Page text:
Local elections in Pakistan: A chance to improve public services

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Discussing public services in Pakistan
Discussing public services in Pakistan. Credit: GSP/MDTF/2013
I arrived in Pakistan right after the third round of local elections held in most provinces on December 5.

​This was the first local election in 10 years in most places of the country. Voters elected council members of three tiers of local governments: district, urban councils, and union council/ward.

How will these elections impact the lives of average citizens?

International experiences have shown that the main benefit of elected local bodies is their closeness to citizens, which allows them to be much more responsive – although with sustained hard work -- to improving local services such as waste, water, sewerage and transportation.

In a report about managing spatial transformation in South Asia launched at the 3rd Pakistan Urban Forum, we highlighted that passing reforms aimed at revitalizing urban governance is critical to make South Asia cities more livable and prosperous  (see chapter 3 of the report).

To that end, we identified three closely related "deficits" -- empowerment, resource, and accountability -- which, if tackled properly, could lead to improved local urban governance.

The recent local elections in Pakistan are important steps toward reducing these three deficits. The new local government laws, which were enacted in most provinces in 2013, started to re-empower local governments after the expiration of the earlier 2001 Local Government Act.

The elections themselves also provide a critical level of government accountability since, once elected, officials will have to answer to their electorate on how they will improve public services.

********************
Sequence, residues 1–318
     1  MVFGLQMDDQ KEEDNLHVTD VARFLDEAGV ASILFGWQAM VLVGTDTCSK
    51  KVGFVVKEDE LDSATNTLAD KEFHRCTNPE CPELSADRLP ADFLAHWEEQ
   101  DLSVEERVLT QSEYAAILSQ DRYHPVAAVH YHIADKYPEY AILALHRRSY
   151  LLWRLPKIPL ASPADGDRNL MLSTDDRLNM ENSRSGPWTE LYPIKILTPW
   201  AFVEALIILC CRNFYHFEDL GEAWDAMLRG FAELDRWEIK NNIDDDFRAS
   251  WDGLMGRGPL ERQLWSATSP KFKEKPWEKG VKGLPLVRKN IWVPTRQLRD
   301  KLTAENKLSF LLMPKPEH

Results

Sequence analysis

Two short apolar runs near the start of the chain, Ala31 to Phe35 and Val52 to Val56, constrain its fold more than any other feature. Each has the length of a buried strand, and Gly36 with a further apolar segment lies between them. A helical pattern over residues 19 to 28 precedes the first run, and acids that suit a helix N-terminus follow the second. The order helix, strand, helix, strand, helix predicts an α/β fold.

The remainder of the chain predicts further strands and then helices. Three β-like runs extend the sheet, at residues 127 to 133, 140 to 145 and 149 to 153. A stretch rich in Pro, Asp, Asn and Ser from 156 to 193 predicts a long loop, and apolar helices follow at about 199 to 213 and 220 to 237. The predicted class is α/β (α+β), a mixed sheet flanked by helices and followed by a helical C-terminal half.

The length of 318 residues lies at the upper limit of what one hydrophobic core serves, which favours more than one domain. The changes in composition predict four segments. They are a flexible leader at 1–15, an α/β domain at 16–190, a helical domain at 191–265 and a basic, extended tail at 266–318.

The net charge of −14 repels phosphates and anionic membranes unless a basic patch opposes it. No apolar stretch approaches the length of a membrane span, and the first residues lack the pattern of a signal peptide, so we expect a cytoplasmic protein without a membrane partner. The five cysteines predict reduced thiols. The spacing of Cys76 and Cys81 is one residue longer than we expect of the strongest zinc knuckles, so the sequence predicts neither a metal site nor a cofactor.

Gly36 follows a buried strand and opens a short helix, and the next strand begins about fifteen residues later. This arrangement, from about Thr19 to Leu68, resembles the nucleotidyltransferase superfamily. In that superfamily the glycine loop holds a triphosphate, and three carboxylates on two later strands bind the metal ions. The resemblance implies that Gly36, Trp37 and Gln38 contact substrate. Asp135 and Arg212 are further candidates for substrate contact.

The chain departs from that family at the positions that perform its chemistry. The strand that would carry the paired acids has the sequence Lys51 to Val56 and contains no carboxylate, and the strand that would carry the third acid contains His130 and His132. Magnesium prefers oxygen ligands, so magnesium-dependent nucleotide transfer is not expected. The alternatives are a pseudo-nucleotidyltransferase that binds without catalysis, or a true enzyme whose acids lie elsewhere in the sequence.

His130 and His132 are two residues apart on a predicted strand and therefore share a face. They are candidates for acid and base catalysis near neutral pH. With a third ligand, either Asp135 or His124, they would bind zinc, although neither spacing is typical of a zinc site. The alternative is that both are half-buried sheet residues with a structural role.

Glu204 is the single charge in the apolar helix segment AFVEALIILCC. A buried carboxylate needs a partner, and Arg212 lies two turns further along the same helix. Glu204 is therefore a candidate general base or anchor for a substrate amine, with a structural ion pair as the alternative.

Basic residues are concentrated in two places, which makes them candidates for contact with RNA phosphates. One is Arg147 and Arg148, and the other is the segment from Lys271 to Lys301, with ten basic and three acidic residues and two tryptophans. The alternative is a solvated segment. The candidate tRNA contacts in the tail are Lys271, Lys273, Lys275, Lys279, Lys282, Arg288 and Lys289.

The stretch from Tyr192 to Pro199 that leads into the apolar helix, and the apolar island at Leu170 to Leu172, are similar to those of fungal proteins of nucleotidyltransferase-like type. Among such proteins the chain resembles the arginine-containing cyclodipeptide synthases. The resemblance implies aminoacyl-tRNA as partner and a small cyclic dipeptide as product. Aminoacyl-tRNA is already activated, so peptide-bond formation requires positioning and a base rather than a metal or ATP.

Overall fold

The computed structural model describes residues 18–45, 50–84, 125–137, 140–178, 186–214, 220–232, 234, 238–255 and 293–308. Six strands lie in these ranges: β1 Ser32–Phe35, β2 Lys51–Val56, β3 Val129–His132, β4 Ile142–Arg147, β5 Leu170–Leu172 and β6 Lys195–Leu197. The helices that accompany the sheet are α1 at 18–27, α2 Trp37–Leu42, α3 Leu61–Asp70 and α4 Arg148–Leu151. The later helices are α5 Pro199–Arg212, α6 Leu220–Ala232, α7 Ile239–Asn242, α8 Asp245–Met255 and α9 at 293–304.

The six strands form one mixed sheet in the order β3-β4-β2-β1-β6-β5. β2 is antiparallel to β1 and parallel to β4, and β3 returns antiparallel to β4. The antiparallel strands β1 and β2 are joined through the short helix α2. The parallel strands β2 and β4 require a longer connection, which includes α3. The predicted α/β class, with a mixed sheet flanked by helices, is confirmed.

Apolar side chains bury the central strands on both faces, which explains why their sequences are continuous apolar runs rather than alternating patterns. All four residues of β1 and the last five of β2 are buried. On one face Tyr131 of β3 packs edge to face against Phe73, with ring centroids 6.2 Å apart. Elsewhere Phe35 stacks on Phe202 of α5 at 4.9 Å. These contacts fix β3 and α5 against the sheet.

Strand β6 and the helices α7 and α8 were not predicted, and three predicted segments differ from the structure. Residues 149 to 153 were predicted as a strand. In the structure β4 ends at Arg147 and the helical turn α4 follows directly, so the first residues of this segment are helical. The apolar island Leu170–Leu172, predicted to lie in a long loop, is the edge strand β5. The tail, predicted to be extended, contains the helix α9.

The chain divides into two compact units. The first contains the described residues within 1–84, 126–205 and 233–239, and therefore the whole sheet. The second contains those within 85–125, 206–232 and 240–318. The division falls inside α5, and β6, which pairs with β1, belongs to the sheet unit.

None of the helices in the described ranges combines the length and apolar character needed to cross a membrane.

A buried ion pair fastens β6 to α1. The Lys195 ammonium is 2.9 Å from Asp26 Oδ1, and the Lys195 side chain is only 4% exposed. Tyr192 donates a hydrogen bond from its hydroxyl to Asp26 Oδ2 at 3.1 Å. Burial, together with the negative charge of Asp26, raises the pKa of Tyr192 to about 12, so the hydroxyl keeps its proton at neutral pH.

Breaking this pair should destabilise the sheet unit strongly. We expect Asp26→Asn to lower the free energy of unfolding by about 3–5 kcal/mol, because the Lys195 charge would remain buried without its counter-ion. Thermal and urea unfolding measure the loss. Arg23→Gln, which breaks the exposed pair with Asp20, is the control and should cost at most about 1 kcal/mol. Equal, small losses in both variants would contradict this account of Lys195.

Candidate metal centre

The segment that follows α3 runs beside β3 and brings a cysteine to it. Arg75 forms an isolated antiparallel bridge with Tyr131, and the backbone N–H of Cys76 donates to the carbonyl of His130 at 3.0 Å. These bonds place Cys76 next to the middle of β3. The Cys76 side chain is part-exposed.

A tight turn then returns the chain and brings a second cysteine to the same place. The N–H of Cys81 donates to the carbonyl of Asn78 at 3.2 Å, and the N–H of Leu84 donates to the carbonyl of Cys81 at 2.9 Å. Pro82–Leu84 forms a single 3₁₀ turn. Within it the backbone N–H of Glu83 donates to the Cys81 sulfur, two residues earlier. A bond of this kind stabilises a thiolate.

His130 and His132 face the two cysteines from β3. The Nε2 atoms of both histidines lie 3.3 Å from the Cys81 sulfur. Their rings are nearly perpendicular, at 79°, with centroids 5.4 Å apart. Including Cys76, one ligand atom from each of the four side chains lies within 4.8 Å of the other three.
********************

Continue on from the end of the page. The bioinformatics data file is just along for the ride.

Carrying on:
However, holding election is only the beginning of the journey toward better services and a lot of additional work is needed to address the three deficits:
  • Empowering local government: overall, functions and resources assigned to Pakistan local bodies are very limited. Only about 5% of Pakistan’s public spending is undertaken at the local level, compared to about 30% in India . Some of the critical responsibilities that are often entrusted with local governments are now in the hands of higher-level authorities.

  • Improving local governments’ ability to collect and spend resources: there is a clear lack of funds for local services and the fiscal gap between the cost of local functions and the proceeds of local revenues is considerable. The power and capability of local governments to collect their own revenue must be significantly strengthened. Moreover, the fiscal transfers from provincial to local governments need to be reformed to address variations among local needs while also promoting accountability and equity.

  • Enhancing accountability mechanisms: while critical  to any local accountability system, elections are not sufficient. A local government system needs appropriate upward reporting and accountability mechanisms to ensure the consistency and transparency of administration, management, and oversight. Equally important are provisions for downward accountability mechanisms, not only electoral but also non-electoral, that create spaces for citizens to place demand on elected local officials and local bureaucracies.

In the end, whether the new local government system will deliver public services to citizens will depend on the capacity of local officials. Instituting such capacity simultaneously in thousands of local entities will be a huge challenge and will require hard work and concerted and sustained support. The current laws and regulations also need to be continuously adjusted to respond to emerging issues and situations. 

There is tremendous potential for service improvement but a lot of hard work is certainly needed. Indeed, exciting time ahead!

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